In September 2019, we released our State of Deepfakes report, the first research of its kind providing data-driven analysis of the deepfake landscape. Since we collected this report’s data in July 2019, the technologies and activity surrounding deepfakes have continued to rapidly evolve. This blog post outlines some of our continued data analysis tracking deepfakes’ evolution as of June 2020.
Number of deepfakes identified online
Since December 2018, the number of deepfakes online is roughly doubling every six months, confirming a continued exponential growth. As disclosed in The State of Deepfakes 2019, the total number of deepfakes had reached 14,678 in July 2019, representing an almost 100% increase since our previous measurement of 7,964 videos in December 2018. Since then, we have continued to observe a significant growth in the number of deepfakes videos online, as well as an increasing number of deepfake sources and creators. As of June 2020, our monitoring activities identified 49,081 deepfake videos, an increase of more than 330% since July 2019.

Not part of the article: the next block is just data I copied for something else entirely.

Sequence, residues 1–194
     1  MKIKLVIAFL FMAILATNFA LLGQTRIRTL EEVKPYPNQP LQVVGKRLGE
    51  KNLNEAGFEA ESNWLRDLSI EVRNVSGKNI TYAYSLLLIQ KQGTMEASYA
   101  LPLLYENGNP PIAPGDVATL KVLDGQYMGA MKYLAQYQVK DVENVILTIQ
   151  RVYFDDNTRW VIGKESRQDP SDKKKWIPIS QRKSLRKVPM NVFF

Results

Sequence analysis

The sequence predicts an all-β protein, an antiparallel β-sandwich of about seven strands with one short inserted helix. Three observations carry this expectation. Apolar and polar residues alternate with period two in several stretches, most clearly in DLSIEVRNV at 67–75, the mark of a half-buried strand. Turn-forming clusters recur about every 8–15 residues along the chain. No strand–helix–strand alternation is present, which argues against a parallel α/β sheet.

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Most targeted sectors
As well as monitoring the overall growth in the number of deepfake videos online, our analytics also capture key information on the individuals who are targeted in these videos. Our analysis from July 2019 found the vast majority of targets (over 95%) worked in the entertainment industry, with a remaining small percentage of targets coming from business, news media, and politics. As of June 2020, entertainment is still the most targeted industry at 62.7%, which combined with the newly separated categories of fashion (21.7%) and sport (4.4%) totals 88.9% of all targets. Of the 62.7% of targets from the entertainment industry, we identified a notable increase in the number of Instagram, Twitch, and Youtube personalities being targeted. We also identified an increase in targets from business (4.1%) and politics (4%) backgrounds.
Most targeted countries
Our July 2019 research found individuals from a wide range of nationalities were targeted in the deepfake videos we identified online. The majority of these videos featured targets from western countries (USA and UK) with a notable number of videos also featuring South Korean and Indian targets. Our June 2020 analysis presents a similar picture of targets’ nationality, with USA and UK nationals making up a slightly lower (61%) majority of the total unique individuals targeted. South Korean, Indian, and Japanese nationals also make up a significant proportion of targets, a finding that correlates to our research observations that deepfake activity continues to grow in Asia.